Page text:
Thoth, from “Daily life of Ancient Egyptians” (Bob Brier and Hoyt Hobbs)
Thoth, the god of wisdom, usually depicted as an ibis-headed god (but sometimes as a baboon), was the fabled inventor of writing and so was also called upon for clinical matters.
Ancient Greek authors tell us that Thoth inspired a series of forty-two encyclopedic books, of which thirty-six, according to Clement of Alexandria, dealt with philosophy and general knowledge; the remaining six concerned medicine. One volume covered anatomy, another diseases, others surgery, remedies, diseases of the eye and diseases of women. Because the Greeks identified Thoth with their own god Hermes, these works became known as the Hermetic books.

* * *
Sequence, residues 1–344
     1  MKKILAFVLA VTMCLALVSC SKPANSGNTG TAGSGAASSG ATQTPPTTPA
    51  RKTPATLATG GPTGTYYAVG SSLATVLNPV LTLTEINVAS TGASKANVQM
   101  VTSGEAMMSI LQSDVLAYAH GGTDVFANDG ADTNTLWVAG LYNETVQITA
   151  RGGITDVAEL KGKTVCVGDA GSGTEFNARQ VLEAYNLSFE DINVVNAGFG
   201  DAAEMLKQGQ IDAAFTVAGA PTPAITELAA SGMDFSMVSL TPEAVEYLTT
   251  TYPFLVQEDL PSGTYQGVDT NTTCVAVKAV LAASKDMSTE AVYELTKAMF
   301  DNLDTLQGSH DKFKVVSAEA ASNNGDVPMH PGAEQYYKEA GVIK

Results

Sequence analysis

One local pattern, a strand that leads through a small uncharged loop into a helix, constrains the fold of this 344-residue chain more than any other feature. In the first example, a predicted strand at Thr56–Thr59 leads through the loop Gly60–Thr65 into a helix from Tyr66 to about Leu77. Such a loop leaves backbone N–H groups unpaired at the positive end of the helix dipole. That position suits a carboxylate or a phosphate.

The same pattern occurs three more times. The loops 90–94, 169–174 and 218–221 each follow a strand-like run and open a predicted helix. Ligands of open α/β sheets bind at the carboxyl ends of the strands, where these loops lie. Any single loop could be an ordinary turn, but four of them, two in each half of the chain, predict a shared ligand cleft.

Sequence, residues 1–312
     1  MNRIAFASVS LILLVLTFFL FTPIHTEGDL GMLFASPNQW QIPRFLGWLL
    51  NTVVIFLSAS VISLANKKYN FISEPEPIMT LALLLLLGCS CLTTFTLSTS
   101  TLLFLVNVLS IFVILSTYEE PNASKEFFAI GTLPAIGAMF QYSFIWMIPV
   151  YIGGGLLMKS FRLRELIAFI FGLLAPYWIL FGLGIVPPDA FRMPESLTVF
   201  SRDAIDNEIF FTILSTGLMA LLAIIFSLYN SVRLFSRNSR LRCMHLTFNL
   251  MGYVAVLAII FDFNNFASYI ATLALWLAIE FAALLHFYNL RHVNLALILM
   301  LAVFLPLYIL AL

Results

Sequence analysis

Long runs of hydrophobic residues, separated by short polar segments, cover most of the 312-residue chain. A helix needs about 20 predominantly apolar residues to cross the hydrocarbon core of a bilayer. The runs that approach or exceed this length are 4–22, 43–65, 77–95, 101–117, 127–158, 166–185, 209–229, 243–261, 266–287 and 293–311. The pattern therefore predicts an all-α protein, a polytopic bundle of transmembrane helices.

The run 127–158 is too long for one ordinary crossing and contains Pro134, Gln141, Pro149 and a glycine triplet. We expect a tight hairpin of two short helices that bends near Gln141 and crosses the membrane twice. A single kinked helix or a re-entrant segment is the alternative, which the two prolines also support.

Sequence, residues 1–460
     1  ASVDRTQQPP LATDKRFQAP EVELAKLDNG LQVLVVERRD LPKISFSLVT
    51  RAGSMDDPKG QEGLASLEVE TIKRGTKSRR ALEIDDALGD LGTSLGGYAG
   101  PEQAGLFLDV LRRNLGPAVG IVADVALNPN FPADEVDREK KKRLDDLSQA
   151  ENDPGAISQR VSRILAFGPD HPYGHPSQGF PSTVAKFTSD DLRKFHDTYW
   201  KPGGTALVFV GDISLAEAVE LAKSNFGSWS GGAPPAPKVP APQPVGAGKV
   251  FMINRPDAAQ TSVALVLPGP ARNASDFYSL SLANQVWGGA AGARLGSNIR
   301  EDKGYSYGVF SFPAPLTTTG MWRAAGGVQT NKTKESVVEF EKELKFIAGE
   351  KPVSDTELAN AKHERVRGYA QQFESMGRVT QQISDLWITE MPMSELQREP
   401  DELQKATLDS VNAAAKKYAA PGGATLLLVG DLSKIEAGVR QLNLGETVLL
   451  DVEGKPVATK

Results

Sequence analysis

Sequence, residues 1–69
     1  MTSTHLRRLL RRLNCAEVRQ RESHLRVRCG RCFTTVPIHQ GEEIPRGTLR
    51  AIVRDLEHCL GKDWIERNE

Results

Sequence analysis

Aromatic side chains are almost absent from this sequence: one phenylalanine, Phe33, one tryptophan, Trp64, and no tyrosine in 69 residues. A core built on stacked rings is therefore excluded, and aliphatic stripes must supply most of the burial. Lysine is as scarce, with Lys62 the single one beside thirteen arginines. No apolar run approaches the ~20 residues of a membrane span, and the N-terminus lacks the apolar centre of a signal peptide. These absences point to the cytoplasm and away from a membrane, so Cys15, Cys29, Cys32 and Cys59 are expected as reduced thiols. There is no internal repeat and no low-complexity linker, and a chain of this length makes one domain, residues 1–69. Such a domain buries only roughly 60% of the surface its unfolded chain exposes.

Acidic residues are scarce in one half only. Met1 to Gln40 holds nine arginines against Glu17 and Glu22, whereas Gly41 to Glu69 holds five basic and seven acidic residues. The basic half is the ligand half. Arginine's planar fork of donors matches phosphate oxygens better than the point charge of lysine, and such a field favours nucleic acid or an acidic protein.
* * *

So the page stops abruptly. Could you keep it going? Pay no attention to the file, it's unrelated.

Quoted from: “Daily life of the ancient Egyptians”, © Bob Brier and Hoyt Hobbs, 2008